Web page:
Blue and red light are energy sources for microorganisms such as bacteria, and we can harness this energy to control bacteria growth.
By Gabrielle Leal
Sunlight is both a source of energy for microorganisms and a source of electrical energy. However, there is still more to learn about light’s various properties and applications. Light is just electromagnetic radiation, or a sort of energy wave, moving at a frequency visible to the human eye. The human eye can only see light frequencies with wavelengths of 400 to 700 nanometers. Different wavelengths determine the perceived color. Blue light, for example, is sensed when photons—the particles carrying this light energy—move with wavelengths between 400 and 450 nanometers.
The power of colors: blue and red light for microbial growth
Blue and red light are frequently used instead of sunshine or white light to help grow microalgae (microscopic algae) and cyanobacteria (a type of microorganism that gets its energy through photosynthesis). This is because the important pigments for photosynthesis, chlorophylls a, b, and c, as well as carotenoids, can easily absorb these colors. A researcher may select either blue or red light depending on the particular microorganism and the product being produced. Red light is commonly used to stimulate growth, whereas researchers have found that blue light can help produce proteins, lipids, chlorophylls, and other photosynthetic pigments, which have practical applications in industries such as pharmaceuticals, food production, and cosmetology. Combining blue and red light can also promote microalgae growth and the production of commercially useful chemicals. As a result, there is a growing trend in the horticultural industry toward vertical farming in “Pinkhouses” that use blue and red lights to grow plants or microorganisms.
The benefits of blue and red LEDs in antimicrobial applications
While some microorganisms can be beneficial, others pose a threat to public health. These disease-causing microorganisms can be minimized with methods such as heat treatment, UV light exposure, high pressure, and chemical use. Light-emitting diodes (LEDs) are a promising alternative for managing pollutants in several industries, particularly the food industry. LEDs are energy efficient and not harmful to the environment, making them an appealing choice for companies looking to decrease their carbon footprint. LEDs have also been demonstrated in experiments to be effective in minimizing microbiological contamination by suppressing the growth of bacteria, viruses, and fungi. As a result, the use of LEDs is an innovative and practical method for lowering the danger of contamination in a variety of contexts. More research will need to be done to explore its potential for improving public health and safety.
Pathogenic (disease-causing) bacteria becoming resistant to antibiotics is a big health concern. Researchers Ítalo Galo, Rodrigo Prado, and Wagner Dos Santos investigated the use of visible light, specifically blue and red light, as a new way to treat bacterial infections instead of relying solely on antibiotics. In this study, they tested the effect of blue and red light on two common bacteria, Staphylococcus aureus and Pseudomonas aeruginosa, often found in healthcare-associated infections. They found that only blue light, when applied for 6 hours, was able to temporarily slow down the growth of these bacteria. However, the bacteria could start growing again after 48 hours. Red light didn’t show the same effect. This research suggests that blue light could be a potential alternative for treating antibiotic-resistant bacterial infections, but more studies are needed to make it more effective.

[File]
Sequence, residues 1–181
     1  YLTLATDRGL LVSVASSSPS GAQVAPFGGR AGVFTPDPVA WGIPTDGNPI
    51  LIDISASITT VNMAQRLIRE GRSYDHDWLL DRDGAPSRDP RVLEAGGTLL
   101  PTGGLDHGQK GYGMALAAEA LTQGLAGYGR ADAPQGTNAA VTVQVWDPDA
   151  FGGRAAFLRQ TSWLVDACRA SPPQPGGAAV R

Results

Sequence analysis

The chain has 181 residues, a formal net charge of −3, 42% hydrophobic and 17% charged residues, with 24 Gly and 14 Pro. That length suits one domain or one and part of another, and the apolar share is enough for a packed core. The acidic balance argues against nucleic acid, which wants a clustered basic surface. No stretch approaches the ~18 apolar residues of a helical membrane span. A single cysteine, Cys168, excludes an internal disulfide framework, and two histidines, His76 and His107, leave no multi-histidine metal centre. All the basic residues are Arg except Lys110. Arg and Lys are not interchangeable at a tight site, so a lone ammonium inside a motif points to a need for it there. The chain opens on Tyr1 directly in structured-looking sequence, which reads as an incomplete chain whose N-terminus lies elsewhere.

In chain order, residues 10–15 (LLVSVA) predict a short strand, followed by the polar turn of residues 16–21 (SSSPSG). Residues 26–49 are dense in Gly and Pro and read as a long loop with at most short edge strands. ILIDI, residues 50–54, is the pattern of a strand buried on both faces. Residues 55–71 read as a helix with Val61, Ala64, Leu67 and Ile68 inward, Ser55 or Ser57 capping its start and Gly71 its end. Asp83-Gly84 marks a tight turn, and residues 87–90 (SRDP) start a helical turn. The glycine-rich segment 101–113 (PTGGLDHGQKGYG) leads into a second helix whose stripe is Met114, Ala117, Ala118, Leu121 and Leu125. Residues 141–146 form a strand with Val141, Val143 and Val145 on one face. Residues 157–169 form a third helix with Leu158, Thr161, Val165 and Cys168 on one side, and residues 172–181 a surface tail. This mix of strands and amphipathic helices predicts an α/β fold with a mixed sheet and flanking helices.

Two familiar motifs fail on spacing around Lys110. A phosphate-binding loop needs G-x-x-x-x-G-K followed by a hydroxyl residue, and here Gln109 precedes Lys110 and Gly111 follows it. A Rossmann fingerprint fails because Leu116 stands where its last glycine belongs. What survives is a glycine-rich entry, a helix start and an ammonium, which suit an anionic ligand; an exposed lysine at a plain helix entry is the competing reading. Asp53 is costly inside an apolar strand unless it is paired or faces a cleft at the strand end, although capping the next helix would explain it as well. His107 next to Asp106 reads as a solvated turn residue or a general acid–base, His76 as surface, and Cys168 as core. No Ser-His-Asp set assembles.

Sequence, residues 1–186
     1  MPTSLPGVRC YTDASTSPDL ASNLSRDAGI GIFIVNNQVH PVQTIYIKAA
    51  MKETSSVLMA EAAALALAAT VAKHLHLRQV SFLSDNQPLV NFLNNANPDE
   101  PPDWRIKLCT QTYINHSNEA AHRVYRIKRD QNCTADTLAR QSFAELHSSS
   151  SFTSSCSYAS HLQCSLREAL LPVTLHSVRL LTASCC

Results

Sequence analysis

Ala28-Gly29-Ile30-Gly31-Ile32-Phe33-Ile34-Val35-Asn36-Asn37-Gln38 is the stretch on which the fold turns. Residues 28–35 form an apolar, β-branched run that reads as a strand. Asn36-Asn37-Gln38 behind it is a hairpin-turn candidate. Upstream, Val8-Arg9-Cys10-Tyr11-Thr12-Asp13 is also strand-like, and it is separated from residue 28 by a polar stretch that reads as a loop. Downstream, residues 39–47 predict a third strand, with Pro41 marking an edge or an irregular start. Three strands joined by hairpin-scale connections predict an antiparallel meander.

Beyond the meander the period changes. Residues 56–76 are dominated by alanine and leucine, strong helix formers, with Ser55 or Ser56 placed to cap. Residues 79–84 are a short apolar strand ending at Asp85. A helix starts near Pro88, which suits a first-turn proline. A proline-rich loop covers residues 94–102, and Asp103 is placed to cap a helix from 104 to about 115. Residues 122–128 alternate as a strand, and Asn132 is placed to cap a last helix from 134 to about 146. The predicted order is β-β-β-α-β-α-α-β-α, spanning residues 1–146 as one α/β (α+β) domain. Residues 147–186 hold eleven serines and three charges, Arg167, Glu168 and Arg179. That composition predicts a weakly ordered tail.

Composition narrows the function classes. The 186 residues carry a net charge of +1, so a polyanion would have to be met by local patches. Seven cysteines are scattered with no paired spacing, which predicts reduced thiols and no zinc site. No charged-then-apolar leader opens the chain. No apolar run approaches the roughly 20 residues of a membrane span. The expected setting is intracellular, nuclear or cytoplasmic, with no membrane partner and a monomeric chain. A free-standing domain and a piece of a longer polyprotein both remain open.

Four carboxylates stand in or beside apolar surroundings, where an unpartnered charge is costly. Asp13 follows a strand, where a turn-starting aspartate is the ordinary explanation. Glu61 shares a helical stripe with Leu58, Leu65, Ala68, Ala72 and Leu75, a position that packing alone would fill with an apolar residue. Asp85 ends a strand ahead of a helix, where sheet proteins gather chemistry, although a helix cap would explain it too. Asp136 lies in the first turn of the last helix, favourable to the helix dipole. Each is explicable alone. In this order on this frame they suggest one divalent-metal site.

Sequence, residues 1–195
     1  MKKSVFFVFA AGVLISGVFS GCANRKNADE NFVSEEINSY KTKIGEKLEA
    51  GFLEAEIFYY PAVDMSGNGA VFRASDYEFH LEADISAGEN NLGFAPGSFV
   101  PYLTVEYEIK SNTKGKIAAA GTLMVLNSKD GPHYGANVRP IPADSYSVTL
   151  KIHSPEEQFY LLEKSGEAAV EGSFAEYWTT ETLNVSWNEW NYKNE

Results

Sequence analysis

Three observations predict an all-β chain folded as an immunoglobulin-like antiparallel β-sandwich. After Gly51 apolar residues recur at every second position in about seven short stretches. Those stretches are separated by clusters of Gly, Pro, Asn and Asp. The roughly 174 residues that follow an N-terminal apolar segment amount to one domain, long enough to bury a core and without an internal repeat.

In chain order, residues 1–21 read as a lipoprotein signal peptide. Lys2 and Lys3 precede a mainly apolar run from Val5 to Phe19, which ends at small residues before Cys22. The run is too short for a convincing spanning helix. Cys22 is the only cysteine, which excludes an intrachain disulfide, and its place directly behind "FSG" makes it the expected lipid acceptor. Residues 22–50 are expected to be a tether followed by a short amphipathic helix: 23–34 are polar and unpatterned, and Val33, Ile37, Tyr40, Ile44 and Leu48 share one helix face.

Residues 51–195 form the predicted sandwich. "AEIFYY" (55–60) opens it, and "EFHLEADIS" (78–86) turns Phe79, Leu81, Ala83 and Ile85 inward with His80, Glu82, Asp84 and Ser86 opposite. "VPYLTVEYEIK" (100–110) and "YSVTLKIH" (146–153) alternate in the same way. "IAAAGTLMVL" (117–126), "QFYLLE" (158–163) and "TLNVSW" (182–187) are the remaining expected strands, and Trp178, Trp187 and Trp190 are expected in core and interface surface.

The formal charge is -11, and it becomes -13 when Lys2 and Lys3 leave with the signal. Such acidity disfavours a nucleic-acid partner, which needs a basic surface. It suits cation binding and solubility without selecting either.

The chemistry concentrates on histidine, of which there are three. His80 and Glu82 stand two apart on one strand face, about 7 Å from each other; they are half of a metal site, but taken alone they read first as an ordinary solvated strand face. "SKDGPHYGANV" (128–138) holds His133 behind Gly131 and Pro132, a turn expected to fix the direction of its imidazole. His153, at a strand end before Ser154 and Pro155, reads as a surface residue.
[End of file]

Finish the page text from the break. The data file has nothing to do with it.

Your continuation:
Ultimately, light has many features and applications. It is a source of energy for bacteria. It can be employed for antimicrobial purposes. Blue and red lights are often used to grow microbes in a laboratory, with the color choice depending on the microorganism and the desired outcome. Meanwhile, LEDs are a viable alternative for regulating contaminants. This is useful for improving safety in the food industry and other contexts. Several studies have also shown that light treatment has the potential to treat illnesses caused by antibiotic-resistant bacteria. The possibilities for light’s usage in different industries, including healthcare, will continue to expand as more research is undertaken.
Galo, I. D. C., Prado, R. P., & Dos Santos, W. G. (2021). Blue and red light photoemitters as approach to inhibit Staphylococcus aureus and Pseudomonas aeruginosa growth. Brazilian Journal of Biology, 82, e231742. doi: 10.1590/1519-6984.231742.
Gonçalves, M. L. L., et al. (2020). Antimicrobial photodynamic therapy with Bixa orellana extract and blue LED in the reduction of halitosis—A randomized, controlled clinical trial. Photodiagnosis and Photodynamic Therapy, 30, 101751. doi: 10.1016/j.pdpdt.2020.101751.
Masson-Meyers, D. S., Bumah, V. V., Biener, G., Raicu, V., & Enwemeka, C. S. (2015). The relative antimicrobial effect of blue 405 nm LED and blue 405 nm laser on methicillin-resistant Staphylococcus aureus in vitro. Lasers in Medical Science, 30(9), 2265–2271. doi: 10.1007/s10103-015-1799-1.
Peçanha, M. P., Ferreira, J. J. C., & Diniz, A. L. (2018). Investigação da ação antimicrobiana da luz azul contra diversos agentes de infecção hospitalar. [Investigation of the antimicrobial action of blue light against different nosocomial infection agents.] Revista da Faculdade de Ciências Médicas de Sorocaba [Magazine of the Faculty of Medical Sciences of Sorocaba], 20(Suppl.).
About the Author
Biotechnologist Gabrielle Leal has over ten years of lab experience and a master’s degree in the field. Microbiology, industrial bioprocesses, and intellectual property are among her areas of expertise. She is fascinated by the research and advancement of biotechnological approaches for various applications.